Lothric Pillars


Strength of a Knight


Lothric’s royal government is divided into three “Pillars” which have supported the monarchy since the kingdom’s foundation. Of these, the Knight is the most conventional. Encased in typical full-plate armor, Lothric knights serve their lord with distinction, wearing the royalty’s crest on their standard shield and surcoat as part of that honor. The surcoat is red or blue seemingly to distinguish between low and high-ranking knights. Most wear red while the few wearing blue are largely found guarding Prince Lothric alongside soldiers outfitted with higher quality armor and cloths of the same color. Knights who are part of the king’s personal guard (親衛) also wear red or blue depending on whether they are actively protecting him, though they have their own set of armor and great shield bearing his crest regardless. Blue clearly denotes prestige within Lothric’s military, reserved for those entrusted with the royals’ safety. But even if not bodyguards, low-ranking knights were nonetheless the king’s personal forces, mobilizing on his behalf. This Pillar isn’t just auxiliary to Lothric’s military; it is the highest position in it.

Shield of the famous Lothric Knights. The royal family’s crest is depicted on it.

The shield of the Lothric Knights, who were together with dragons, has a high cut rate for lightning, which is the weapon of dragon-hunters.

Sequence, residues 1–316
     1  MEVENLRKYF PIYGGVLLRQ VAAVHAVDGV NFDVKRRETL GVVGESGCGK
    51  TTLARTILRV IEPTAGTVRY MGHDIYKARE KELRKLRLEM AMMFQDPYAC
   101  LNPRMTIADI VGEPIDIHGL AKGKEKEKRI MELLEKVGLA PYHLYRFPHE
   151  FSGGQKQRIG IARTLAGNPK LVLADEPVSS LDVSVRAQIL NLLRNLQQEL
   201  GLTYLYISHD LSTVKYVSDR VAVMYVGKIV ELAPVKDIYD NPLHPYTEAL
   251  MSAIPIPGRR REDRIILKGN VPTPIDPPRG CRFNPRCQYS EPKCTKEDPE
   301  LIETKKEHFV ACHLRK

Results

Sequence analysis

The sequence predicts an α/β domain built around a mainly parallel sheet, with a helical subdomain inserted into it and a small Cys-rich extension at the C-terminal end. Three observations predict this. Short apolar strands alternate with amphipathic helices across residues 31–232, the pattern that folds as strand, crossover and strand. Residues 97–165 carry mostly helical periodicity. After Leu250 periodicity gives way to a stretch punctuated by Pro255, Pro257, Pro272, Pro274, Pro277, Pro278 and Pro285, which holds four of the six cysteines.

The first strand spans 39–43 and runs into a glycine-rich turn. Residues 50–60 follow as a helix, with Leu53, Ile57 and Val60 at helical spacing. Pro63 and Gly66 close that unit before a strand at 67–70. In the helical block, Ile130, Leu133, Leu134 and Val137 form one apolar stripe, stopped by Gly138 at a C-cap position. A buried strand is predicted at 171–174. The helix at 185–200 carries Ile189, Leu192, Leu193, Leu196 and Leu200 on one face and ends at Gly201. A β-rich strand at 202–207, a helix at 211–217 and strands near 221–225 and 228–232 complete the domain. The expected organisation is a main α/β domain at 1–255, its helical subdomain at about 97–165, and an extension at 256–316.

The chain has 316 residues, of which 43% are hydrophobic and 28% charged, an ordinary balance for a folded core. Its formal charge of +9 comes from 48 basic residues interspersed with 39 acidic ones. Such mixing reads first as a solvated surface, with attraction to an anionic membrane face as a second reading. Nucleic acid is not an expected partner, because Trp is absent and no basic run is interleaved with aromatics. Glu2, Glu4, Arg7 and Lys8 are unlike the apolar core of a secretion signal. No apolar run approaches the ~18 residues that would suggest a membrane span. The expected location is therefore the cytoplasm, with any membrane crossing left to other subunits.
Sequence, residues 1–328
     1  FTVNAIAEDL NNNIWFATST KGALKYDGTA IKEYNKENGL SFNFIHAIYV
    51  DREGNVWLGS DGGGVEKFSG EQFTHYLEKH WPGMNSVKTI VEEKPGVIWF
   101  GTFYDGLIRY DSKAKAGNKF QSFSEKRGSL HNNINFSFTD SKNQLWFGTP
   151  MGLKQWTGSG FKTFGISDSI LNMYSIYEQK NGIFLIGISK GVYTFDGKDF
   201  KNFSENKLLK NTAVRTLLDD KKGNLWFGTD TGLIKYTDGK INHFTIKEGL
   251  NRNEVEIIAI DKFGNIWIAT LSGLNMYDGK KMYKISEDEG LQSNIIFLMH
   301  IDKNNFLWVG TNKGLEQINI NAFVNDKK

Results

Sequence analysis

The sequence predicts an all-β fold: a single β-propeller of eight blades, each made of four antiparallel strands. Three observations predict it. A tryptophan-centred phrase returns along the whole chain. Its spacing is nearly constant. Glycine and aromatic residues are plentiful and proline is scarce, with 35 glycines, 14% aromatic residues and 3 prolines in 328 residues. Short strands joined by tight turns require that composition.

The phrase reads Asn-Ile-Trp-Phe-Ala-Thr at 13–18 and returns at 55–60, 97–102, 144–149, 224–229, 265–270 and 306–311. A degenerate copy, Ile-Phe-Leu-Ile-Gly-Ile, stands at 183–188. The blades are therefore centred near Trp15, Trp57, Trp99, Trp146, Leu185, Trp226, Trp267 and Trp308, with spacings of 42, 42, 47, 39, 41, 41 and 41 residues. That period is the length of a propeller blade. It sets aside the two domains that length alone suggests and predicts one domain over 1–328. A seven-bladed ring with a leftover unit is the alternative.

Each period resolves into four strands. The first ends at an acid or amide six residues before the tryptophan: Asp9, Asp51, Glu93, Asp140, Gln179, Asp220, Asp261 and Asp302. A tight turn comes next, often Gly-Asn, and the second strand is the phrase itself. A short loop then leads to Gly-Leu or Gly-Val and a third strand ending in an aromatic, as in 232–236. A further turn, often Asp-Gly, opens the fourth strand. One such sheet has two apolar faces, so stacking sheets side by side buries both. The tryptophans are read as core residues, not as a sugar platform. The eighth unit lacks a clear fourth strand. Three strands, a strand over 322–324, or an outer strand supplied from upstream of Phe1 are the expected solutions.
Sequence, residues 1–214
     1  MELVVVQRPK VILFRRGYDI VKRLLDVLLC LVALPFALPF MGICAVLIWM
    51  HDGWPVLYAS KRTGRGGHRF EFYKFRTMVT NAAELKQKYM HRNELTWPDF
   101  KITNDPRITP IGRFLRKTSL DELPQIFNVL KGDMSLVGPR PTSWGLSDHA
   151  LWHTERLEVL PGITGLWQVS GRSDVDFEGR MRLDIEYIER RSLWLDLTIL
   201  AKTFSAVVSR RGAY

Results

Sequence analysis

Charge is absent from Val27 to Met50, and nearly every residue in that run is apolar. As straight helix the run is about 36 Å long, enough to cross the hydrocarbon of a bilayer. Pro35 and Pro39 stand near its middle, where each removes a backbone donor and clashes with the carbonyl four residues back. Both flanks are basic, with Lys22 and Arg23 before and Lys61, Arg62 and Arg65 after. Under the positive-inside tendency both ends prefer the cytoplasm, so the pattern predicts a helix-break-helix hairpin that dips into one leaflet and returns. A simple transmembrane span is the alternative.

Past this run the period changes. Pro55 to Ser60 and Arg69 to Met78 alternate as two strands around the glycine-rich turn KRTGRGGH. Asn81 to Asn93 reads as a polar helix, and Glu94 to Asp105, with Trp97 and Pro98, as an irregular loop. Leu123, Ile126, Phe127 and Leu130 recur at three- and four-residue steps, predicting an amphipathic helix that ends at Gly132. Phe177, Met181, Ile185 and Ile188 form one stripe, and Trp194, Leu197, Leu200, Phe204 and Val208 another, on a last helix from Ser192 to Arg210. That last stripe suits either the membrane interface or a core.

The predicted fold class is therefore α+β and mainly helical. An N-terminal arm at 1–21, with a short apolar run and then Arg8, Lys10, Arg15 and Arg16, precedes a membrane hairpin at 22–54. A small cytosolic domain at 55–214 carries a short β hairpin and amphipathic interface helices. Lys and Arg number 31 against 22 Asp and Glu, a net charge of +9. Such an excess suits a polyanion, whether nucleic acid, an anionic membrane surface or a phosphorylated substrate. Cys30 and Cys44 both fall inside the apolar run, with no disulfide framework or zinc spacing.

While exploring the actual city, we pass through a barracks where the soldiers store arms and supplies, sit down to eat or read, and worship. Unsurprisingly, a banner of the royal crest hangs on the wall in a room that a knight patrols. The only other knight encountered before this point is in the city walls, where more royal banners hang in soldier rest areas. And after this point, these knights are found in abundance in and immediately around Lothric Castle. Taken together, knights are stationed in the city as military officers while remaining largely concentrated at the royal abode. This makes them the public face of the army and the glue maintaining public order. It is no wonder that the knight has become the symbol of Lothric as a whole. They are critical to society as role models and law enforcers, even more so than knights in other countries. This explains why the knights are commonly employed in the kingdom’s iconography despite their so many varying contexts. Still, their military role is paramount.

Lothric Castle seems to serve as central command for the army, as we find not just the majority of the knights but even the soldiers working there, some wearing civilian clothes while off-duty. Because of this, there are more extensive living and storage facilities, including weapons and tools. The best quality arms and armor were, of course, provided to the knights, forged with Refined Gems to complement their equal strength and dexterity. And because their order had originally been dedicated to hunting dragons, the knights inherited their predecessors’ worship of the sun and tools derived from its light. An altar dedicated to Gwyn’s firstborn can be found across from their local library, and their stockpiles include lightning urns, their old dragonslayer weapons and armor, the Sunlight Straight Sword, and their current lightning-imbued weapons and shields. The greatsword in particular has been mastered by very few in the order’s long history because of this quality. Given how dragons factor into Lothric’s military arsenal, this power is unsurprisingly not widely shared.

Ultra greatsword of the famous Lothric Knights. Has lightning attack power, the power of dragon-hunters.